I feel like I've blasphemed writing the above sentence...*no one* comes close to Cave (well, except Michael Gira and Cathal Coughlan, but that's a subject for another time.). And up until this album, Lanegan didn't. While the Screaming Trees' liquid psychedelic-blues-garage-grunge was always magnificent, solo albums like 'Scraps At Midnight' and 'Field Songs', while possessing some beautiful moments, lacked the playful humour and experimentation the Cavester and Tom Waits put into their (superficially similar) musical terrain.
No such quibbles here. If Johnny Cash had ever put his name to an album half as good as this, the man might have deserved his posthumous legacy a little more. Perhaps Lanegan's association with the mighty QOTSA has reignited a desire to rock out and take chances, because every song here is different, striking and memorable, overflowing with darkness, pathos, gallows humour and weary defiance. There are stark midnight confessionals like 'When Your Number Isn't Up' and 'Bombed', there are sweet slugs of garage-rock whiskey like 'Hit The City', 'Sideways In Reverse' and the awesome motorik-rhythmed 'Driving Death Valley Blues', which seems to have been seperated at birth from the Queens''Go With The Flow'.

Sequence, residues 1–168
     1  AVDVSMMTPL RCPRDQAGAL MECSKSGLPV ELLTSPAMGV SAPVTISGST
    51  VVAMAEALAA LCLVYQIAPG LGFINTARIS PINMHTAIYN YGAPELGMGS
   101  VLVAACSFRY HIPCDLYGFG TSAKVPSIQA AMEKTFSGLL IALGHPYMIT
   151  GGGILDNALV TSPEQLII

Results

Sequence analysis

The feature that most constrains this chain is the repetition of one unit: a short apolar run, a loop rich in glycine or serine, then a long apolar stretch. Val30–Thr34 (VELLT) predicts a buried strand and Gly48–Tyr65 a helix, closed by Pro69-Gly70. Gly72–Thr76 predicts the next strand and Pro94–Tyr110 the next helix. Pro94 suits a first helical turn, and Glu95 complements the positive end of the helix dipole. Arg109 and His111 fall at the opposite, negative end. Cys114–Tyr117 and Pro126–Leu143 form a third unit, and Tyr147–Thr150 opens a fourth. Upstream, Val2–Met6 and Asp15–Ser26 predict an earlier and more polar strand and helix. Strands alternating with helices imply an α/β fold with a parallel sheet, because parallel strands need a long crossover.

'Methamphetime Blues' is pure Waits, built on drum machines that'll sound primitivist rather than just dated in 20 years, and 'Can't Come Down' is the most abstract thing Lanegan has ever put his name to, a nightmarish swirl of electronics, tumbling drums and pleading vocals. And I have to mention 'Like Little Willie John', which channels the spirit of the blues better than self-conscious fashionista tarts like Jon Spencer and Jack White could ever manage.
There are 15 songs here, so you certainly get a generous helping, and nothing is out of place or overlong (except maybe the outro of 'Morning Glory Wine', if I really wanted to nitpick). Listening to this and the Twilight Singers makes me salivate in anticipation for the hopefully forthcoming-very-soon Gutter Twins and the next QOTSA slice. Spending much of every day bombarded with skinny indie and godawful R'n'B, it's stuff like this that gives you hope for the future.